Women's College Research Institute

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Women with schizophrenia at higher risk of pregnancy and delivery complications

February 2014

Traditionally, women with schizophrenia have had low fertility rates, and little attention was paid to their reproductive health. But as a growing number of women with schizophrenia are becoming pregnant, there is an urgent need for health care professionals to better understand the health of these mothers and their babies during pregnancy and delivery.

Dr. Simone Vigod, Shirley Brown Scientist at Women’s College Research Institute and staff psychiatrist at Women’s College Hospital, recently led a population-based study to investigate pregnancy outcomes among women with schizophrenia.

Vigod and her team found that women with schizophrenia are nearly twice as likely to experience pre-eclampsia and blood clotting, and their babies are more likely to be born prematurely and very small or large, compared to women without schizophrenia. These women and their babies also required more intensive hospital resources, including operative delivery and admission to a maternal intensive care unit. The findings were published in the British Journal of Obstetrics and Gynecology.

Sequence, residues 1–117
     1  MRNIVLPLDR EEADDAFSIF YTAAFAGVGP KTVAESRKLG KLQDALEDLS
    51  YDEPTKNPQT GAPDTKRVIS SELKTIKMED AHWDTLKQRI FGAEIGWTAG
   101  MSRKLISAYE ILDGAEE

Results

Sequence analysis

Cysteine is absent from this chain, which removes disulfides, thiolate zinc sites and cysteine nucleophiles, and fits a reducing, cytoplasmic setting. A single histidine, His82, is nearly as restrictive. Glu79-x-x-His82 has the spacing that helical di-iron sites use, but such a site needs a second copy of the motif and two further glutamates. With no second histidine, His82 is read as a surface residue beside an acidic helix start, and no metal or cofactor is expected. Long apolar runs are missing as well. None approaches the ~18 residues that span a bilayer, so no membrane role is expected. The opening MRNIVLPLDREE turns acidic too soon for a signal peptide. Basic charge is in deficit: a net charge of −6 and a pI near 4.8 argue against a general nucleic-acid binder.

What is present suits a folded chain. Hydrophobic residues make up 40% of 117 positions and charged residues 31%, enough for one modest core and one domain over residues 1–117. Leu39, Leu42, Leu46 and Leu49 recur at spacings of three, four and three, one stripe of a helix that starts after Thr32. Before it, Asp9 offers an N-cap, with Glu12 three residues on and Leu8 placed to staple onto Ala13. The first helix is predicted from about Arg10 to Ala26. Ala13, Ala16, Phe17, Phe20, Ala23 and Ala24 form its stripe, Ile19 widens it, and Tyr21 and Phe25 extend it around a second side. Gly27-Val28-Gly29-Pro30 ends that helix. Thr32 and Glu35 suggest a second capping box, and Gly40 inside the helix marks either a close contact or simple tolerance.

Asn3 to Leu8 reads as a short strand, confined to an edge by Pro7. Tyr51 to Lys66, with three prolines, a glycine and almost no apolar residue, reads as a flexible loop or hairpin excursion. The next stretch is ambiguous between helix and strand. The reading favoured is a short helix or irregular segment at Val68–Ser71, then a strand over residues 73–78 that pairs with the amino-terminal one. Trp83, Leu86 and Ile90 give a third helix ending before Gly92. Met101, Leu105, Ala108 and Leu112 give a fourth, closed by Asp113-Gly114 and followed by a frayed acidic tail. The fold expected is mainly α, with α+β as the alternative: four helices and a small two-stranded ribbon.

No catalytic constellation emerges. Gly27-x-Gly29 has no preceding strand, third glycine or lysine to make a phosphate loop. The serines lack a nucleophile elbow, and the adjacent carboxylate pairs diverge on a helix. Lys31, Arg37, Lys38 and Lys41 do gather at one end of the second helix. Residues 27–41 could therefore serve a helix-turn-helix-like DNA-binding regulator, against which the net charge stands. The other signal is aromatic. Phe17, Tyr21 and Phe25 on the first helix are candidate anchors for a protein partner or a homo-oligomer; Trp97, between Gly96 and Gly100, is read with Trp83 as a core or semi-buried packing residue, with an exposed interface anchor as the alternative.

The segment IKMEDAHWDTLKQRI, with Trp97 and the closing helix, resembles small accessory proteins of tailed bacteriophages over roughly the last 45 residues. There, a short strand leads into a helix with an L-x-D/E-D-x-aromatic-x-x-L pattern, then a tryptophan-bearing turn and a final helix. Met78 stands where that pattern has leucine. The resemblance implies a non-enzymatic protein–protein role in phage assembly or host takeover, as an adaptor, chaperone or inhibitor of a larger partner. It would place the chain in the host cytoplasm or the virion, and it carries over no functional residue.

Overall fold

The study is part of a series of studies led by Vigod called the SUPPORT studies (Schizophrenia Understood in the Perinatal period: Psychiatric Outcomes and Reproductive Trajectories).

“Our study gives us the information to begin to look at what interventions we can put in place to help improve the health of pregnant women with schizophrenia and the health of their newborns,” says Vigod.

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